The person that has been given much by God will have to give an account of what he has done with his abundant resources. Luke 12:48, “…From everyone who has been given much, much will be required; and to whom they entrusted much, of him they will ask all the more.”
Paul say that all believers will stand before Christ and have their lives examined. 2 Corinthians 5:10, “For we must all appear before the judgment seat of Christ, so that each one may be recompensed for his deeds in the body, according to what he has done, whether good or bad.”
The rich man must be on guard because if he is not careful there is often an inverse relationship between wealth and godliness. The more wealth a man gets the less zeal he has for God.
Poverty is Not a Sign of God’s Disfavor
What about the poor? If riches are a blessings from God then is poverty a sign of God’s disfavor? The answer is a resounding “NO!” The Puritan Richard Ames says, “Poverty in itself hath no crime in it, or fault to be ashamed of: but is oftentimes sent from God to the godly, either as a correction, or trial, or searching, or both” (Conscience with the Power of Cases Thereof, 253). Poverty works for the good of God’s children. It leads to prayer and dependence upon God, and starves the fleshly desires,
That doesn’t mean the poor Christian shouldn’t be concerned when it comes to his pursuit of godliness. The danger for the poor man is that he can sin in his heart by his constant desire to become rich. He can look around him and see that many other believers have much more than he and covet what he does not have.
True wealth for the Christian is godliness accompanied by contentment. (1 Timothy 6:6) Whether God has give you much or little you must learn to be like the apostle Paul in Philippians 4:11-13,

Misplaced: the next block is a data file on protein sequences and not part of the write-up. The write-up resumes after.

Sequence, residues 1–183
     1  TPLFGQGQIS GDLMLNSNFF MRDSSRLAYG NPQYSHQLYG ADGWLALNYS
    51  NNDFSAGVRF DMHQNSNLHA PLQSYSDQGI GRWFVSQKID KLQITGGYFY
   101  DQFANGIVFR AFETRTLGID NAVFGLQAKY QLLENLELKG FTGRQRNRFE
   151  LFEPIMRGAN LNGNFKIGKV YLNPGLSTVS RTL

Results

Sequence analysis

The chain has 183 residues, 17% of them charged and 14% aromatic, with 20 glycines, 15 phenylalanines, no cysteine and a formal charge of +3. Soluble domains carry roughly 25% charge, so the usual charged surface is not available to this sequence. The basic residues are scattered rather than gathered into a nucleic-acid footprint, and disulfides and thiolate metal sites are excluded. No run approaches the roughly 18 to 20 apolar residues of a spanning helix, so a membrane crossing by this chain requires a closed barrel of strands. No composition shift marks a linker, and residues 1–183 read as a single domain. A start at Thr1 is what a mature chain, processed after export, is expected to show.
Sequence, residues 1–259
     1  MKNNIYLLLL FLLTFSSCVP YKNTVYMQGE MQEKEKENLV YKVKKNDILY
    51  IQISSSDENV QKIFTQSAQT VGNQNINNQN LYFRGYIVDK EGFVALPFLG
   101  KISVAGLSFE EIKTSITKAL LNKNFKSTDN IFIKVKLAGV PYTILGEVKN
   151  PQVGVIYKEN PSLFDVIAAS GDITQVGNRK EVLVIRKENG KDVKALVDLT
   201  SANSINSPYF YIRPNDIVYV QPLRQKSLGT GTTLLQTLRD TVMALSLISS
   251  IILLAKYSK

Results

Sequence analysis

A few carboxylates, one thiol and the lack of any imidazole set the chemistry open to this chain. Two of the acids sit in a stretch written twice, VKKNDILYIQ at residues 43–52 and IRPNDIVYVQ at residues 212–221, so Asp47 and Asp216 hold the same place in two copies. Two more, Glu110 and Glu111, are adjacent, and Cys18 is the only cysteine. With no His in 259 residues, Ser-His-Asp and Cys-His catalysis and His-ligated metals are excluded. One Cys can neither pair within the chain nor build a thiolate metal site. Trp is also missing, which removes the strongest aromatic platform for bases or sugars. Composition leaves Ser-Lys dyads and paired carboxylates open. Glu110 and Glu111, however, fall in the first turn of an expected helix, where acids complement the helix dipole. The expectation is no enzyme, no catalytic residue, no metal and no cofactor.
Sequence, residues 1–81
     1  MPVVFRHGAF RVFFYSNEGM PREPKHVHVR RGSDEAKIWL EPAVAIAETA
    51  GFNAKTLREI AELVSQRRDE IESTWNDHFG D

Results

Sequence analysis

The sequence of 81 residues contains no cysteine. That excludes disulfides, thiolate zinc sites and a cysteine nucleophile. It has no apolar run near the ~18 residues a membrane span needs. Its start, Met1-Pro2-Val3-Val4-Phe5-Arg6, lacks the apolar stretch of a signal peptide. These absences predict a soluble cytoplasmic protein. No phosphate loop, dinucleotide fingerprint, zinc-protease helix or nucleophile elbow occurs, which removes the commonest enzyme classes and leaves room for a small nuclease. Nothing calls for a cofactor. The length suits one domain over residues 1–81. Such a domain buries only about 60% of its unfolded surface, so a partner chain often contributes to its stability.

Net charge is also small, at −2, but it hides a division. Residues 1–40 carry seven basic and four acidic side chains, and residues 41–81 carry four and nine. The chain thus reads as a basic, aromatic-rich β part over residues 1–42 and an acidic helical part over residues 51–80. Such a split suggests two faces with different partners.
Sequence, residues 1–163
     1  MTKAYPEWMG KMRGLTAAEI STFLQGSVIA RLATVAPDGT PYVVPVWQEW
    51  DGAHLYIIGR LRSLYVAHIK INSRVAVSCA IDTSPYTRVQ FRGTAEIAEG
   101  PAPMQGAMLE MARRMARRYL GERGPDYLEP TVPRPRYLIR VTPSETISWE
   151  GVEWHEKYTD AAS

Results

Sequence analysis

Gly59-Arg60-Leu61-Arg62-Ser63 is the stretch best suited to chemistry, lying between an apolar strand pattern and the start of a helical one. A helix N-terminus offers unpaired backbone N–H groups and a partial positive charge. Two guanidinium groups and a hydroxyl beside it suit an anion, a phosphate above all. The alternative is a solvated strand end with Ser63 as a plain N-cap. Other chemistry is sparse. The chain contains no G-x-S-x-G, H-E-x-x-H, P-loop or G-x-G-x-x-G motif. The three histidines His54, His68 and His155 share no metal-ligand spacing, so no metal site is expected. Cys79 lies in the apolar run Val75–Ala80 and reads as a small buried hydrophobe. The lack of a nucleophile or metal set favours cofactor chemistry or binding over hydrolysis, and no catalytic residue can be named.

…for I have learned to be content in whatever circumstances I am. I know how to get along with humble means, and I also know how to live in prosperity; in any and every circumstance I have learned the secret of being filled and going hungry, both of having abundance and suffering need. I can do all things through Him who strengthens me.
What Do I Do With What I Have Been Given?
I ran across an interesting word the other day as I was studying James 1:21. I was looking at different versions of the text and my eye caught the King James Bible version. In this verse the word “superfluity” is used. Naturally, I knew what this meant, with me being fluent in ye Olde English (not really). The word means “immoderate and especially luxurious living, habits, or desires.” This is a word that describes the exact opposite of how we should be living as a Christian in this world.
A key principle of living for the believer is the principle of moderation. 1 Peter 4:4 speaks of unbelievers being surprised that believers do not participate in their excess. Paul teaches Titus in his pastoral epistle that those in the church should be “sensible” or prudent (Titus 1:8, 2:2, 2:5, 2:12). This carries the idea of being self-controlled or practicing moderation.
Moderation Through Contentment
Moderation as a Christian matters very much to God, regardless of the amount of wealth you are blessed with. In order to live a life of moderation you must first live a life content with a simple lifestyle. This goes back to Paul’s words in Philippians 4 where he says he has learned to be content, no matter whether he is poor or has means.
Contentment is the key here to live moderately as a Christian. In order to live a moderate lifestyle one must set limits to one’s spending. Each person must examine their own lives to see what they truly “need.”
I can tell you from personal experience that losing a job and having to redo family finances really shows you where your true needs lie. We cannot trust our own desires, but instead we must see what it really takes to live in this world. Examine your peers that are the most sober-minded and modest and emulate them. Moderation in life means keeping everything in perspective. It means remembering that everything that we use and enjoy here on this earth is temporary.